Laboratory of Host Defenses, National Institute of Allergy and Infectious Diseases (NIAID), National Institutes of Health (NIH), Bethesda, MD 20892, USA. sderavin@niaid.nih.gov hmalech@niaid.nih.gov.Cancer Research Technology Program, Leidos Biomedical Research Inc., Frederick National Laboratory for Cancer Research, Frederick, MD 21702, USA.Laboratory of Immunoregulation, NIAID, NIH, Bethesda, MD 20892, USA.Laboratory of Host Defenses, National Institute of Allergy and Infectious Diseases (NIAID), National Institutes of Health (NIH), Bethesda, MD 20892, USA.Laboratory of Host Defenses, National Institute of Allergy and Infectious Diseases (NIAID), National Institutes of Health (NIH), Bethesda, MD 20892, USA.Laboratory of Host Defenses, National Institute of Allergy and Infectious Diseases (NIAID), National Institutes of Health (NIH), Bethesda, MD 20892, USA.Laboratory of Host Defenses, National Institute of Allergy and Infectious Diseases (NIAID), National Institutes of Health (NIH), Bethesda, MD 20892, USA.Laboratory of Host Defenses, National Institute of Allergy and Infectious Diseases (NIAID), National Institutes of Health (NIH), Bethesda, MD 20892, USA.Cancer Research Technology Program, Leidos Biomedical Research Inc., Frederick National Laboratory for Cancer Research, Frederick, MD 21702, USA.Laboratory of Host Defenses, National Institute of Allergy and Infectious Diseases (NIAID), National Institutes of Health (NIH), Bethesda, MD 20892, USA.Laboratory of Host Defenses, National Institute of Allergy and Infectious Diseases (NIAID), National Institutes of Health (NIH), Bethesda, MD 20892, USA.Laboratory of Host Defenses, National Institute of Allergy and Infectious Diseases (NIAID), National Institutes of Health (NIH), Bethesda, MD 20892, USA.Laboratory of Immunoregulation, NIAID, NIH, Bethesda, MD 20892, USA.Laboratory of Host Defenses, National Institute of Allergy and Infectious Diseases (NIAID), National Institutes of Health (NIH), Bethesda, MD 20892, USA.Cancer and Inflammation Program, National Cancer Institute Frederick, Frederick, MD 21702, USA.Cancer and Inflammation Program, National Cancer Institute Frederick, Frederick, MD 21702, USA.Cancer Research Technology Program, Leidos Biomedical Research Inc., Frederick National Laboratory for Cancer Research, Frederick, MD 21702, USA.Department of Hematology, St. Jude Children's Research Hospital, Memphis, TN 38105, USA.Department of Hematology, St. Jude Children's Research Hospital, Memphis, TN 38105, USA.Division of Immunology, Boston Children's Hospital, Harvard Medical School, Boston, MA 02115, USA.Texas Children's Hospital, Houston, TX 77030, USA.Department of Pediatrics, Benioff Children's Hospital, and University of California, San Francisco, San Francisco, CA, USA.Laboratory of Host Defenses, National Institute of Allergy and Infectious Diseases (NIAID), National Institutes of Health (NIH), Bethesda, MD 20892, USA.Laboratory of Immunoregulation, NIAID, NIH, Bethesda, MD 20892, USA.Department of Hematology, St. Jude Children's Research Hospital, Memphis, TN 38105, USA.Audentes Therapeutics, San Francisco, CA 94101, USA.Department of Hematology, St. Jude Children's Research Hospital, Memphis, TN 38105, USA.Laboratory of Host Defenses, National Institute of Allergy and Infectious Diseases (NIAID), National Institutes of Health (NIH), Bethesda, MD 20892, USA. sderavin@niaid.nih.gov hmalech@niaid.nih.gov.No affiliation info available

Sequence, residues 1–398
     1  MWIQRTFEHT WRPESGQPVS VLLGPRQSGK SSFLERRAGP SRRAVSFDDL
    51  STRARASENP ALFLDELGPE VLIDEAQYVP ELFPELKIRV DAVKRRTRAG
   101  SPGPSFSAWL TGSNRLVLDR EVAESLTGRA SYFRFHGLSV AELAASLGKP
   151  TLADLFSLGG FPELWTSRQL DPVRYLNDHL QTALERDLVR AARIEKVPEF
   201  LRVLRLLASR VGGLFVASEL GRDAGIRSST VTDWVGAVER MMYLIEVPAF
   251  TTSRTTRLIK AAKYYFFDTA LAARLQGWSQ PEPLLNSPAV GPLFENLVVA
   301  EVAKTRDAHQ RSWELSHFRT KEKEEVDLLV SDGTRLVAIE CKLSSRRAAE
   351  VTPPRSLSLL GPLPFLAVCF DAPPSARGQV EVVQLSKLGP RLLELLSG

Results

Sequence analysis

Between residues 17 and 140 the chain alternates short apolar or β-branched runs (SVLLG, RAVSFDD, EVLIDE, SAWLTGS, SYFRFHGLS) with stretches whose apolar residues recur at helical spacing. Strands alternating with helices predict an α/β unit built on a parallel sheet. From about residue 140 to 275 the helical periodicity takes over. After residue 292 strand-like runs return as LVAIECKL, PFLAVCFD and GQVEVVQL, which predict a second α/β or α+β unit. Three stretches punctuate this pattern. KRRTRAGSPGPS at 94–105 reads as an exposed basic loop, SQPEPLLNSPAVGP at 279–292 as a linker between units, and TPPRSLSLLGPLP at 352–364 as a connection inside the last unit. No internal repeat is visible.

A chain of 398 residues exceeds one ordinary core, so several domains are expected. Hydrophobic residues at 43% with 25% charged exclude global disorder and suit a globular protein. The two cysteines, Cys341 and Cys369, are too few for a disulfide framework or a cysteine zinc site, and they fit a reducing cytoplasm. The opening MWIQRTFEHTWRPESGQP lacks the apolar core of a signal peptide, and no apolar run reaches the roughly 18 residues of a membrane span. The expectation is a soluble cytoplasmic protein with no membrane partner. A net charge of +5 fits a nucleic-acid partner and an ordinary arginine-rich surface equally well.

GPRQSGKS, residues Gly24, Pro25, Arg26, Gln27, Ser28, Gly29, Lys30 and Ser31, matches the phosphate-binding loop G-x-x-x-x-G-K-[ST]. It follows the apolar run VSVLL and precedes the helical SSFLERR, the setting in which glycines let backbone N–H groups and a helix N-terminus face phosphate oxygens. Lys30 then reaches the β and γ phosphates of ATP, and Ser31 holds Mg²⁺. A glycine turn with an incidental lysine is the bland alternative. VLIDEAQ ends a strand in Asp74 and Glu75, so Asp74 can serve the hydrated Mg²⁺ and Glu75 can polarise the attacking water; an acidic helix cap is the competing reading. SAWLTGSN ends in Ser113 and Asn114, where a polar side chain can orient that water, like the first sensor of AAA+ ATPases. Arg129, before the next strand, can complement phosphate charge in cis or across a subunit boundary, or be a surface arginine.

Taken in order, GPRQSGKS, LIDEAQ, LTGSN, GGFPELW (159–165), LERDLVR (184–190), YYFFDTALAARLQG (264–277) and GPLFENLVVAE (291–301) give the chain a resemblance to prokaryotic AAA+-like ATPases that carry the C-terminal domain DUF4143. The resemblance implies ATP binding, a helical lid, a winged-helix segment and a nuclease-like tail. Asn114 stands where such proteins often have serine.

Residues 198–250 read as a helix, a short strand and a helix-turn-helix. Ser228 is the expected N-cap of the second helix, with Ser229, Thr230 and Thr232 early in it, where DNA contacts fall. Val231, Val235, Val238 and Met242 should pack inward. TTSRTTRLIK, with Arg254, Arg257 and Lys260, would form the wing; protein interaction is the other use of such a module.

Pub Type(s)